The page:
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OKLAHOMA CITY (KFOR) – Folks around Lake Hefner witnessed a bizarre and unpleasant site Monday morning – a potentially toxic blue-green algae bloom surfaced at the area’s main recreation and drinking water reservoir.

“I thought it was a massive paint spill or something. It’s nasty. I never saw it look this bad,” said OKC resident, Sam Cagnolatti.

“Pretty gross, pretty nasty looking,” said fisherman, Chris Gibson.

In some parts of the lake, a think aqua blue matt of gunk extends yards from the shore.

In other parts, the water is so thick and green it looks like a health-food smoothie.

“We have a blue-green algae bloom. This is one of the bigger ones that we’ve had in the last ten years,” said Leigh Ann Kitsmiller of the OKC Water Quality Dept.

Basically, there are billions of microscopic plants are having a party in the lake.

“When you have warm temperatures, when you have sunlight and you have stagnant shallow water, there is a potential for them to bloom,” said Josh Campbell of OSU-OKC.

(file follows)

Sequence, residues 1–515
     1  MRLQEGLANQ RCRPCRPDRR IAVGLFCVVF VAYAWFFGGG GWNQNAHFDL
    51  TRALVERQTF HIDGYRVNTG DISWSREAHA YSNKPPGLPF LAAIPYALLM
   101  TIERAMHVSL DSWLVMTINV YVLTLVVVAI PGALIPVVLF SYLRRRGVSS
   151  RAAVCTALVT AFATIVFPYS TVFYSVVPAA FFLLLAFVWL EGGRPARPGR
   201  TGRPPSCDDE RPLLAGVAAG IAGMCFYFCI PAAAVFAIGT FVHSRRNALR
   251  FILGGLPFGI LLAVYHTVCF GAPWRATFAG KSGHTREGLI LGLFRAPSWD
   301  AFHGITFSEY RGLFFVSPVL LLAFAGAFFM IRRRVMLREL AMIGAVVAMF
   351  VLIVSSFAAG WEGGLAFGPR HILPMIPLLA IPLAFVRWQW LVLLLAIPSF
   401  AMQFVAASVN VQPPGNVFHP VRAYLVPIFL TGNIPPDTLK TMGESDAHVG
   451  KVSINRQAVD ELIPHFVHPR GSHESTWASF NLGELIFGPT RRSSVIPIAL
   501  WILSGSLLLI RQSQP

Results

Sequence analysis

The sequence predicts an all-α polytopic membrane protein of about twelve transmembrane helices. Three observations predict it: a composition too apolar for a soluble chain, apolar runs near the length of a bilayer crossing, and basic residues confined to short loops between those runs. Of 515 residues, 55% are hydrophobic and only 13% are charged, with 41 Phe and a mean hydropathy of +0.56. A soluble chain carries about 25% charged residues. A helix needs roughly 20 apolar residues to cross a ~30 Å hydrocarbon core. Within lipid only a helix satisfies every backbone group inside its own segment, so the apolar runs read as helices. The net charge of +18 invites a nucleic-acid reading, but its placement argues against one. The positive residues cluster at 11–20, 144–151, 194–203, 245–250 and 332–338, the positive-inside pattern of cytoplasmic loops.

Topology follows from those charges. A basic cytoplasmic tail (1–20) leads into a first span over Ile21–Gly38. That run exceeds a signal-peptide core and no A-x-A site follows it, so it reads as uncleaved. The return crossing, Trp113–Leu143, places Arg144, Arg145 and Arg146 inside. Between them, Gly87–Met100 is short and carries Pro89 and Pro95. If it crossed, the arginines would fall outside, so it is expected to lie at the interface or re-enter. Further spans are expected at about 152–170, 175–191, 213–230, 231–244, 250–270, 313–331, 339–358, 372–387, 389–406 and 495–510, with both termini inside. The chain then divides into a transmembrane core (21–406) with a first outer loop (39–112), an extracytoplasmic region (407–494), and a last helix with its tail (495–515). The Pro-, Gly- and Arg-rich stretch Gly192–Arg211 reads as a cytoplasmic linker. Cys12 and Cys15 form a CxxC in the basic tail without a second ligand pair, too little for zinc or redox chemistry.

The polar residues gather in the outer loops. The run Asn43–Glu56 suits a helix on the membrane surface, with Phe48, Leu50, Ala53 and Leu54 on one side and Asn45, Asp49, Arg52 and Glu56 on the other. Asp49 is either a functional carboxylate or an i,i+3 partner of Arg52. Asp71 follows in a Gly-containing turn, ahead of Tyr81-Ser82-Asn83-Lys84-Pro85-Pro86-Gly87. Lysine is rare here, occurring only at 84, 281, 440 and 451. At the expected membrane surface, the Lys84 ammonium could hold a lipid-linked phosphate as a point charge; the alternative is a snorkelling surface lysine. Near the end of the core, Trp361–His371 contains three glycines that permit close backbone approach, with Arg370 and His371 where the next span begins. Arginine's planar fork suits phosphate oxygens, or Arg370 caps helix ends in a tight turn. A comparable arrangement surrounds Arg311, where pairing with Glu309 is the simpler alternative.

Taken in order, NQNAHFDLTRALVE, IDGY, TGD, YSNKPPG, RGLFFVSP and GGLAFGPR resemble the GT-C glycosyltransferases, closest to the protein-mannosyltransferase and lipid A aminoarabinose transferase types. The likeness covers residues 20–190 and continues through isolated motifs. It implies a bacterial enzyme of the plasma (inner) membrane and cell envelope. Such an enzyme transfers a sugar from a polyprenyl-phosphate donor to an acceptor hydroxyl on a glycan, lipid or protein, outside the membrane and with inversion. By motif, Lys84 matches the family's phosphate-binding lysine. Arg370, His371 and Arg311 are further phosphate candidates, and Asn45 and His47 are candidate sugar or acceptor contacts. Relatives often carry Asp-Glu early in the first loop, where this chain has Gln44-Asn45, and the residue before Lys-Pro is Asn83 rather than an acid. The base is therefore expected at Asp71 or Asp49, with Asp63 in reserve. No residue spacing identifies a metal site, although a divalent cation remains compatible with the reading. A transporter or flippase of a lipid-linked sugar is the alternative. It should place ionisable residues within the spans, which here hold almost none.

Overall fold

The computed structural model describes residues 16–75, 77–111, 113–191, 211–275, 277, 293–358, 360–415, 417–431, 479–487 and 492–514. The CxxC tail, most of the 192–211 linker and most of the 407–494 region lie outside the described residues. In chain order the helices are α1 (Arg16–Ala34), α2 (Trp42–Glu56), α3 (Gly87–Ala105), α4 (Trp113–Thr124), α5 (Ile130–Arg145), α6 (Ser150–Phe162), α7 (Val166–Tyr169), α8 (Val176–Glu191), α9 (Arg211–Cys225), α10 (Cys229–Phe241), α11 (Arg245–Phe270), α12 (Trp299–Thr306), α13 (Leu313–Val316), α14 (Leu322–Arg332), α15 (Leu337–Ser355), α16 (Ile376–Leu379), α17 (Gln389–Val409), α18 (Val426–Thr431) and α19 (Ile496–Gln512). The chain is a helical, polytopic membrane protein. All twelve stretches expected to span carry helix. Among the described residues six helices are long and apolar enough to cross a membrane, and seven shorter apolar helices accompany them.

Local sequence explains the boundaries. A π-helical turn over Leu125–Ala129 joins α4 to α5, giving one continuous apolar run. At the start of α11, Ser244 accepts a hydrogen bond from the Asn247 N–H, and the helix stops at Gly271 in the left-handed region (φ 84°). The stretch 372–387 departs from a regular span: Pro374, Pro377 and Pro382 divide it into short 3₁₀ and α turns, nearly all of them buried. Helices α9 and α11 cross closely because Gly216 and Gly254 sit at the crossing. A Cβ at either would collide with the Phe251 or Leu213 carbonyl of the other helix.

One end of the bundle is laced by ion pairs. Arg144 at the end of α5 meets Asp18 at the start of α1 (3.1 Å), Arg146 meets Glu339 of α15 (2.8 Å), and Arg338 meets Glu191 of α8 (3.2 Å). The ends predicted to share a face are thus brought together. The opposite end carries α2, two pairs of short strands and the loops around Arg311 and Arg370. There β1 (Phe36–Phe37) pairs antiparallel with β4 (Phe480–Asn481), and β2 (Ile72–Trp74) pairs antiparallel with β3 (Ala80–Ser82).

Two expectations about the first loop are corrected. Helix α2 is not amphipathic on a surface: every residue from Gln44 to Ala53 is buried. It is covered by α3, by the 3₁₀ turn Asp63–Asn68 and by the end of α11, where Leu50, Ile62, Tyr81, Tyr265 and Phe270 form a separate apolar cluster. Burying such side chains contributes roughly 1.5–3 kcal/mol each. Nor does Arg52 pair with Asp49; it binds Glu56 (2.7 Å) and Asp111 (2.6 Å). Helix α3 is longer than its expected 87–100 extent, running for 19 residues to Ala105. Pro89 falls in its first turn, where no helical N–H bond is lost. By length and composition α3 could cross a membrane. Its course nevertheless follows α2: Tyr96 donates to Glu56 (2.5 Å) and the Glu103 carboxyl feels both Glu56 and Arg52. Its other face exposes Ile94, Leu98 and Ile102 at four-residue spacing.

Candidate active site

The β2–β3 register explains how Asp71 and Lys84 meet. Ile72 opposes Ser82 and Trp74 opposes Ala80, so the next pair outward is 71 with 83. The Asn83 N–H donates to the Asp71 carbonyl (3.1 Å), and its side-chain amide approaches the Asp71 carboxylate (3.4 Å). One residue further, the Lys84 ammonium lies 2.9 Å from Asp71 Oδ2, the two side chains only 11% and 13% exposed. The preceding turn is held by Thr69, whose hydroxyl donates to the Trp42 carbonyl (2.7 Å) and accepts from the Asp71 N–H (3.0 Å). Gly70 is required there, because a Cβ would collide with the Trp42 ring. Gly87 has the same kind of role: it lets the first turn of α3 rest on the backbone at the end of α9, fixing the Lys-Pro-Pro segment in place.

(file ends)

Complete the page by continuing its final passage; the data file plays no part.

Experts say fertilizer runoff from recent rains has also contributed.

They say that there are many different types of blue green algae in lakes – some are toxic, some aren’t.

So what does that mean for our drinking water?

“We don’t pull water from the surface. We pull water down at a 20 ft depth, there are different screens at the intake tower,” said Kitsmiller.

And that water is then treated at a plant to kill any bio threats.

The city says currently, boats are laying down chemicals designed to knock down the algae but still safe for the environment and citizens.

“Yeah, it’s pretty disgusting because it comes back on your lure and stuff,” said OKC fisherman, Donald Terry.

As for recreation at the lake, officials say to avoid contact with the water.

Swimming is already illegal at Lake Hefner.

They also say to keep pets from getting near the water, as drinking it can be deadly to them.

Experts say there are no hard and fast rules for eating fish coming out of the murk but…

“It’s better to be safe than sorry,” said Campbell.

Experts say the chemicals should knock back the mats in 2-3 days, but with rain this week and hot temperature next week, the blooms could be back soon.